The Day Job: Adventures of a Jobbing Gardener
July 6, 2006
Mark Wallington has a dream. He is going to change the face of British comedy.
Unfortunately for the residents of north London, he’s going to finance this dream by becoming a gardener.
The result is The Day Job, an account of a year spent working in other people’s gardens: people like Mrs Fleming who is convinced there is buried treasure in the bottom bed; Mr Walters who is trying to create a fascist state policed by gnomes in his well-guarded plot in Gospel Oak; Mrs Glover who is probably the most attractive woman living in Britain; and poor Mr Nugent, who likes to save his urine in jam jars and pour it over his compost.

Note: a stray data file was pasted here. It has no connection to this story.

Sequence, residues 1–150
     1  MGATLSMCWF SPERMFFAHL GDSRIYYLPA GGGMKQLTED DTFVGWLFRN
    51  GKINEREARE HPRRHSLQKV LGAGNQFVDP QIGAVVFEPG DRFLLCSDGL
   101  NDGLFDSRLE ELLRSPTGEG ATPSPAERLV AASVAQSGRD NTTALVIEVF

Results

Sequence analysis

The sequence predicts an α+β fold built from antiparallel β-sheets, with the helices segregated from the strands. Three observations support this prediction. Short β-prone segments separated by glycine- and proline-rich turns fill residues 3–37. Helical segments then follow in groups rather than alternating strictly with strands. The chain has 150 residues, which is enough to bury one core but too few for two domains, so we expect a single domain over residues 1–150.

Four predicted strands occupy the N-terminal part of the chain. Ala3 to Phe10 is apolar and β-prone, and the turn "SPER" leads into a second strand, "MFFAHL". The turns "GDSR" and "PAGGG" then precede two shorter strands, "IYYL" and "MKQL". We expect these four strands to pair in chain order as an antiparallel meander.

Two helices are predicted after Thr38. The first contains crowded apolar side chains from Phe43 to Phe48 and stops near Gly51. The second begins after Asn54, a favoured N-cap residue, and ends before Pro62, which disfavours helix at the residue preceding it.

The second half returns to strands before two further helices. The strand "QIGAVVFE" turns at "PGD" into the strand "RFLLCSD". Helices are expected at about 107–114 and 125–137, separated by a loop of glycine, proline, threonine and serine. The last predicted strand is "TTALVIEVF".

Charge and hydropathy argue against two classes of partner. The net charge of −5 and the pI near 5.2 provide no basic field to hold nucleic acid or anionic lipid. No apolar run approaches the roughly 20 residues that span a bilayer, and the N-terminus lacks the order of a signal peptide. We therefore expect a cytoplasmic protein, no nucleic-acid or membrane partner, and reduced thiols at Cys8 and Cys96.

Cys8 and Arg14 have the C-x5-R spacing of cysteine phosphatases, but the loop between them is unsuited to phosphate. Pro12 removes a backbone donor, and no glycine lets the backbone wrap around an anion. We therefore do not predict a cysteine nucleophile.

Over four seasons Wallington crosses Hampstead Heath from job to job. He survives brushes with the evil contract gardeners who keep trying to knock him off his bicycle. He strives to impress literary agent Herman Gapp who might represent him – depending on what sort of job he does on Gapp’s Alpine Terrace. He even finds time to fall for a housecleaner-cum-actor named Helen, as he becomes part of a strange band of artistes, each with a day job of their own, all waiting for that first break.
This is the story of long nights spent in the back room of a pub trying to write unsolicited scripts, and of much longer days spent trying to understand the British and their strange obsession with gardening.
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